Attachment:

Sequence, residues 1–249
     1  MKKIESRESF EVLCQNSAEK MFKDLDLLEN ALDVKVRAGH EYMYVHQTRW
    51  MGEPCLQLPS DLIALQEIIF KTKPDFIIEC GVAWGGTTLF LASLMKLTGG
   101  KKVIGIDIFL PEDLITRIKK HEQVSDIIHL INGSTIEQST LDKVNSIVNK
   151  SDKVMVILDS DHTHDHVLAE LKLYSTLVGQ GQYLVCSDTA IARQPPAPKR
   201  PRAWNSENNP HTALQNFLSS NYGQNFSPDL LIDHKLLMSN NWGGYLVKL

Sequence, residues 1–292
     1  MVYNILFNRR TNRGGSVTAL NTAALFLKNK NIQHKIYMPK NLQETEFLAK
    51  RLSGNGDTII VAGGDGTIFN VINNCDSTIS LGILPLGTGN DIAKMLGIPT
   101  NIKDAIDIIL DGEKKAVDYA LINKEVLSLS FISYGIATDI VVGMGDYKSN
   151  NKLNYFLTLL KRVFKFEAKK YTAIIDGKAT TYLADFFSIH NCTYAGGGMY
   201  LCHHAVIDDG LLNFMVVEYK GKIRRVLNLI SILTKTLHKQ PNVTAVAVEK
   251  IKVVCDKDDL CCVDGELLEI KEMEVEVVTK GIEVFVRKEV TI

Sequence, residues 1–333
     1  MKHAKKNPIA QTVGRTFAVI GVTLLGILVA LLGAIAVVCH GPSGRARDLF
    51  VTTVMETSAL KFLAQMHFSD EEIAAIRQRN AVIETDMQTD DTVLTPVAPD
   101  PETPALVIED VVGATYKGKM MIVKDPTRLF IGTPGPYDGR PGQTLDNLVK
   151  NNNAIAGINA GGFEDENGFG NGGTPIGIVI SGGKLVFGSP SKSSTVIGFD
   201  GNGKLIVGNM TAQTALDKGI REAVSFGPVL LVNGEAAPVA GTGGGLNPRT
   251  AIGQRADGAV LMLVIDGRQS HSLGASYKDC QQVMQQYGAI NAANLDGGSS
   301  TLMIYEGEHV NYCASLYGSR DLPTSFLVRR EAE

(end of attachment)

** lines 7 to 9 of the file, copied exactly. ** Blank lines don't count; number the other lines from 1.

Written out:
Sequence, residues 1–292
     1  MVYNILFNRR TNRGGSVTAL NTAALFLKNK NIQHKIYMPK NLQETEFLAK
    51  RLSGNGDTII VAGGDGTIFN VINNCDSTIS LGILPLGTGN DIAKMLGIPT